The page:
Last year, my experience with my KX3 on holiday in South Africa was a virtual washout. I brought along my Buddistick and a 20m wire dipole but, despite having had great success with both of those at home in GJ land, I managed to make just one QSO in South Africa during the whole visit. Ouch!
I was informed after I arrived that most HF activity in South Africa is on 40m, for which I was not well setup antenna-wise; plus, holiday stopping locations were not necessarily radio-friendly. In addition, my KX3’s Eneloop internal batteries will allow 10w output for a limited time before the voltage drops and I am working: (1) with just 5w, (2) into a compromise antenna, (3) in a possibly less-than-ideal location.
I also brought along a PAE Kx33 low-noise PSU to boost the KX3’s output to 15w but, again, I was dependent on finding an operating location which would let me place the radio within about 6m of a power socket. All in all, it was a mixture of imperfect planning and bad luck, so this year I planned better!
I am a very happy user of Geoff Brown G4ICD’s (now Andrew GW0UZK’s) UK-made G Whip wire antennas and, in particular, his superb single-band, resonant end-feds. As luck would have it, G Whip announced a new tri-band end-fed for 40m/20m/10m – plus anything in between that your ATU can handle – to be released in January 2017. Since that was very close to my departure date, Geoff kindly supplied me with production antenna #1, a month early. It is just 12m long and it won’t be hard to find somewhere suitable to string it up.
I also use a Buddistick when there isn’t enough room to stretch out an end-fed, but I am on the third standard stainless steel whip, the first two having suffered terminal damage when my tripod/antenna combo has blown over; careless of me, but it happens. I ordered a shock cord whip (which I hope will be tougher) and the small ‘travel’ loading coil. With a longer whip and shorter coil, I had to recalculate the tap and counterpoise settings and, even with an MFJ antenna analyser, the recalculation was no fun. In the end, I bit the bullet and bought a RigExpert AA-54 digital analyser. Wonderful, brilliant, fantastic – should have bought one years ago.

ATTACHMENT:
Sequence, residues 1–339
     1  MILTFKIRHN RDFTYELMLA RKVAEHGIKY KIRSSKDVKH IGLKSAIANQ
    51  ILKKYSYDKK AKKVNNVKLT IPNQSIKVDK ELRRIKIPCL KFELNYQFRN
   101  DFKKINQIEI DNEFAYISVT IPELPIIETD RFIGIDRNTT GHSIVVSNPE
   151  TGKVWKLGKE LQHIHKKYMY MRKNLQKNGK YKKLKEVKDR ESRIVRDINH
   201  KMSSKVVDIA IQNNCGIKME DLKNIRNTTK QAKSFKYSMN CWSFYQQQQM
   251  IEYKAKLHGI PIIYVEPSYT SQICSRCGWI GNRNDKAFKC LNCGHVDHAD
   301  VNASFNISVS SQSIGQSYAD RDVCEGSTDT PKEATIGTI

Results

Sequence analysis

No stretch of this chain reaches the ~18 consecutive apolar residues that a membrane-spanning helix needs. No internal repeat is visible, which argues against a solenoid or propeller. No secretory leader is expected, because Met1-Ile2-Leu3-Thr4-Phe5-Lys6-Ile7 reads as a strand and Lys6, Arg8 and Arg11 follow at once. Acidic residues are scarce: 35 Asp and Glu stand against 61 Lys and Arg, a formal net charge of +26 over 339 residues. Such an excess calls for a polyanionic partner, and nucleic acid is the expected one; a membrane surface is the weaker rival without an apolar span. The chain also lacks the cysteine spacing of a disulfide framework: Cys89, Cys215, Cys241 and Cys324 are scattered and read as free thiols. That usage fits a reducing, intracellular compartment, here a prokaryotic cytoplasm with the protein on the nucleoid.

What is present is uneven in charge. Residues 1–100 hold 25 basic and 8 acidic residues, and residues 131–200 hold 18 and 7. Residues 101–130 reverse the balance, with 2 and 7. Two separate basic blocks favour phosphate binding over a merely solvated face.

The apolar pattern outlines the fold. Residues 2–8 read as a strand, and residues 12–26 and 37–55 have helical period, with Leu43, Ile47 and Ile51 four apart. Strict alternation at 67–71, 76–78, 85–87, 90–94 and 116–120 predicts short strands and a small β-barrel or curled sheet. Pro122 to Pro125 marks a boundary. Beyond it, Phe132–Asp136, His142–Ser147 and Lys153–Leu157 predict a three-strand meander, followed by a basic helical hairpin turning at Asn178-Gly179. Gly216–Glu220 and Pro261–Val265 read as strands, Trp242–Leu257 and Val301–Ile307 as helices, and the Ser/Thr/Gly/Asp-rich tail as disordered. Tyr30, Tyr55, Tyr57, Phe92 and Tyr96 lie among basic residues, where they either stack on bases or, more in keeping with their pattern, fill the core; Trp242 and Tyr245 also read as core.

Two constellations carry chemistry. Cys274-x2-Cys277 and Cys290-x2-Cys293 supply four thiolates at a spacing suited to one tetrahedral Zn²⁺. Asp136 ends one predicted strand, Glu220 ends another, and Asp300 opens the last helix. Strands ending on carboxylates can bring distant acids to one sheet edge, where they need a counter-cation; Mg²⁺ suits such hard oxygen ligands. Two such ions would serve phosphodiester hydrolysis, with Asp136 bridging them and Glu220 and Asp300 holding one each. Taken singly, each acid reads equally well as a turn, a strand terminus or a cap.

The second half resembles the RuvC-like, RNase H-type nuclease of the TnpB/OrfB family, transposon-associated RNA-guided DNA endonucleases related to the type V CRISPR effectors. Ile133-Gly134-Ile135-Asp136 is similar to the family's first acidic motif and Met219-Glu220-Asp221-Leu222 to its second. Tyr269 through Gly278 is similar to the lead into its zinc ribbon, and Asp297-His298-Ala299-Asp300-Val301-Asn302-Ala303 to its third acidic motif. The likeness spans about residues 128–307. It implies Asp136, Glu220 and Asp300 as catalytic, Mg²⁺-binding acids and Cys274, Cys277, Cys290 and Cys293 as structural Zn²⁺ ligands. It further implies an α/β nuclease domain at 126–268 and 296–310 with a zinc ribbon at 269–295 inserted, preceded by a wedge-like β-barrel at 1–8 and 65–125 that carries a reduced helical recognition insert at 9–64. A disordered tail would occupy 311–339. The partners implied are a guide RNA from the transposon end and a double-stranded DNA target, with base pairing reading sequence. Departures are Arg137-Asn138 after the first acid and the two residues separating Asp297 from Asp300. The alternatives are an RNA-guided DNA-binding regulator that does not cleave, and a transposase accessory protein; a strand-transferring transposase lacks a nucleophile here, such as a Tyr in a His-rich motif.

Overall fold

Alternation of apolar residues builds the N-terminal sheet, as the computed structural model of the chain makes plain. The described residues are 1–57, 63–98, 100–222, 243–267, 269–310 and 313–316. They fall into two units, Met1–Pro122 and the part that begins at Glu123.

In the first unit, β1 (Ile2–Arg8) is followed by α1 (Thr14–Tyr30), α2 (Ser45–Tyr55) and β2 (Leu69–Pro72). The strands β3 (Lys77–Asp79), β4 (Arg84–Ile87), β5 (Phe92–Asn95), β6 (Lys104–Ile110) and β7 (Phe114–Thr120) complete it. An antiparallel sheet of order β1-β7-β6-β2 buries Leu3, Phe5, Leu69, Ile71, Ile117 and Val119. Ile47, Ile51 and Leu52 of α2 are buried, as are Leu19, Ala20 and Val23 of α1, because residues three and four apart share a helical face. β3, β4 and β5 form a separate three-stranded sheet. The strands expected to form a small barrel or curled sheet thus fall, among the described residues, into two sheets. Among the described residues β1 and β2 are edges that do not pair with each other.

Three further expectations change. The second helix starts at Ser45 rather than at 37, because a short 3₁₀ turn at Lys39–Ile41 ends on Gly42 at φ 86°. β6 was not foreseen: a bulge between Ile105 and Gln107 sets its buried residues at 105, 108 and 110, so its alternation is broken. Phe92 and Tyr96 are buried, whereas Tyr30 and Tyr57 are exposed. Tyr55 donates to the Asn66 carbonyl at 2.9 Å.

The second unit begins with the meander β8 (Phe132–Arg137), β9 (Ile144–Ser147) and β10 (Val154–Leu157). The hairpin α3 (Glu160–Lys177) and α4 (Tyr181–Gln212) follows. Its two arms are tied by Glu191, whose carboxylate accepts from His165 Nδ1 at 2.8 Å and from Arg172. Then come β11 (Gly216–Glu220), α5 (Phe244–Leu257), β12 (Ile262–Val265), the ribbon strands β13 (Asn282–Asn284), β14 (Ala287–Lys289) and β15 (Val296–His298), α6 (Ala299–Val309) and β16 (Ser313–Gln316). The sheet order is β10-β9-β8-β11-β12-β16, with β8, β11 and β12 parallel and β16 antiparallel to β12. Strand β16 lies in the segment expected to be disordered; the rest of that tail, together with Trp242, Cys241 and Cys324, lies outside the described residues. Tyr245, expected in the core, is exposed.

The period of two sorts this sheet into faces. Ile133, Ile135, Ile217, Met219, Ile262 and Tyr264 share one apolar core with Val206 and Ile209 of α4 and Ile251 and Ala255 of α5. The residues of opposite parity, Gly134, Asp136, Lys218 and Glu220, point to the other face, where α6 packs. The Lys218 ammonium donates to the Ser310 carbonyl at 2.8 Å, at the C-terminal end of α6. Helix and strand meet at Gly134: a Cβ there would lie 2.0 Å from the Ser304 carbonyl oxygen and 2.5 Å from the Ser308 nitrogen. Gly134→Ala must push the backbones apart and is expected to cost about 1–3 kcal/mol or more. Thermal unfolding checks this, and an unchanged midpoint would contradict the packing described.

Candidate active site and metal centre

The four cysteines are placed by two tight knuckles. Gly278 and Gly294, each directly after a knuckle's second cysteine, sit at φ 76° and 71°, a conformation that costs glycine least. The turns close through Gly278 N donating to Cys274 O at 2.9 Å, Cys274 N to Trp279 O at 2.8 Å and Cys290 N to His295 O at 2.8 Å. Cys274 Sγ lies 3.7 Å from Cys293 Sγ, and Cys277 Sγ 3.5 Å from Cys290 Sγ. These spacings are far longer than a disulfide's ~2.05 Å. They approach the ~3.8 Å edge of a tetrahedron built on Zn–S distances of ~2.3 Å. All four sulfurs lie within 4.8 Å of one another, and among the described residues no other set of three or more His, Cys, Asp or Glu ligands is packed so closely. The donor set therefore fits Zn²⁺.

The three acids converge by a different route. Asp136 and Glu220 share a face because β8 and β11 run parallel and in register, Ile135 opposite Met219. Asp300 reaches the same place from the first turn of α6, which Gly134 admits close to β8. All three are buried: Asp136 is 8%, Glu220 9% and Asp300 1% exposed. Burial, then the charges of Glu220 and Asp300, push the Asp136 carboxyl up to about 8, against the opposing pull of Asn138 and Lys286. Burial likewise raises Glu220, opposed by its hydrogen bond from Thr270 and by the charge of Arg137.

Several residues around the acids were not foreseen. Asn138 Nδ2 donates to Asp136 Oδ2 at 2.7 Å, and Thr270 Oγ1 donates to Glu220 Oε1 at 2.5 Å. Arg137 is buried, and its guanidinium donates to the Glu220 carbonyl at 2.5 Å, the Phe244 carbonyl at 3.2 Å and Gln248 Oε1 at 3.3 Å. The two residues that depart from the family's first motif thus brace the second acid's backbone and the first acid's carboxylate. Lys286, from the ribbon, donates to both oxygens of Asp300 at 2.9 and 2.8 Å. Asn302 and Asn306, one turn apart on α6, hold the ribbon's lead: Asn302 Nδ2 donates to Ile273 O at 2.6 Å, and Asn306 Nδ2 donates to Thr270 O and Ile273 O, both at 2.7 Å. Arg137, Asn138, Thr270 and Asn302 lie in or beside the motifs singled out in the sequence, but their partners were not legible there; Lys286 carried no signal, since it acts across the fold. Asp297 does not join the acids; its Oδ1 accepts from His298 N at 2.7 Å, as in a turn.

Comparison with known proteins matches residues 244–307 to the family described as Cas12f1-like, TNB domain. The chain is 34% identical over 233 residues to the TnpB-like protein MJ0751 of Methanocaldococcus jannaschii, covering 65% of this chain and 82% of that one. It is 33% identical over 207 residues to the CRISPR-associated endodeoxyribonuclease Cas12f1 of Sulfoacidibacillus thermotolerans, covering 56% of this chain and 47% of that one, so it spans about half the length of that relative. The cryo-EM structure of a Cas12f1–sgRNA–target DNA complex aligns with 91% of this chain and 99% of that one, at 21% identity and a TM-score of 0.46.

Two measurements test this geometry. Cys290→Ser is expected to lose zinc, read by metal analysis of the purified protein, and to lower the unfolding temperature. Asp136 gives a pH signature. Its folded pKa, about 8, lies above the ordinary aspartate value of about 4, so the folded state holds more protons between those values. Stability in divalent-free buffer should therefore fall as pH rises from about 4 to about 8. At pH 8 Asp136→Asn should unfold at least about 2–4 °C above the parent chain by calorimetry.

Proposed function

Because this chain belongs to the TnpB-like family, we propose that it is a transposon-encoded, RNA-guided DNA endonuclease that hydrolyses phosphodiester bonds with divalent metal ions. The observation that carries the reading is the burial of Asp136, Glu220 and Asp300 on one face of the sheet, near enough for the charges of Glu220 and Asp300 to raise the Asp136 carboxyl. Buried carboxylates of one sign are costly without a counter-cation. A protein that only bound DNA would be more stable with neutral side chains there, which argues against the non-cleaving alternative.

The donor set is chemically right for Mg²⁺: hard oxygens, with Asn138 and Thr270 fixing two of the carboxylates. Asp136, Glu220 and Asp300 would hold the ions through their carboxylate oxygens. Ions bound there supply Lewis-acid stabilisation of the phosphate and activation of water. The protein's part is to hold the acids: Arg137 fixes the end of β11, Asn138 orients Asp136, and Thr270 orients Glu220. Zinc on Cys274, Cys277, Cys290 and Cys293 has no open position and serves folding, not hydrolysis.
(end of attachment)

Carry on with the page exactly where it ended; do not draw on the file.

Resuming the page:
Finally, I investigated the LiPo battery market and settled on a 12v 7Ah LiFePo4 model from Tracerpower in the UK. That capacity is OK for airline travel (see below) and it should allow me at least 10w out from the KX3 for a reasonable amount of time, freeing me from the power socket constraint.
Clarification: LiPo/LiFePo4 batteries can be transported in airline hand luggage (but not as checked luggage) as long as they are below a specific capacity (generally around 100WAh). Check with your airline for their regulations.
LiPo batteries cannot be posted via airmail, so I had to make alternative arrangements for delivery to my home in Jersey; this time luck was not on my side and the battery didn’t arrive in GJ until after I had left for South Africa.
Once we were ‘down south’ I began to think that it was a repeat of last year; locations weren’t antenna-friendly or when I did manage to hoist an antenna, there were few if any signals about; to add to the misery, band conditions have been poor. No QSOs.
Finally, we ended up staying in a national park bungalow in the Eastern Cape, right out in the sticks and surrounded by substantial hills, but there were convenient trees to support the G Whip end-fed and a power socket within 2m of the patio table. What’s more, there were signals and an HF competition (SARL Field Day) at the weekend!
Apart from ‘local’ contacts, I have heard stations in Indonesia and Namibia (which is just ‘next door’). Whilst I have worked South America from my home QTH on the antennas I have with me, I haven’t heard any signals from the west in spite of similar/shorter distances from my current location to South America.
Update 1: After a change of location to Addo, Eastern Cape, the triband end-fed has been bringing in solid signals from the west of here: 9Z4PT (Trinidad & Tobago), PY7ZZ (Brazil) and W1ZY (Rhode Island, USA).
In any event, several surprised South African radio amateurs have now got ZS2/GJ7LJJ in the log (“You’re from where?”), and I have justified lugging all my gear to a different continent.
The XYL is just happy that I’m happy!
Update 2: Relocation to Arniston in the Western Cape. Early morning by the beach. Good S5 signals coming in from the USA last after dawn (about 04:00UTC).If you found this entry interesting, you might like to subscribe to this blog using the Subscribe button at the top of this page. A mention on your favourite social media site would be appreciated as well. Thanks!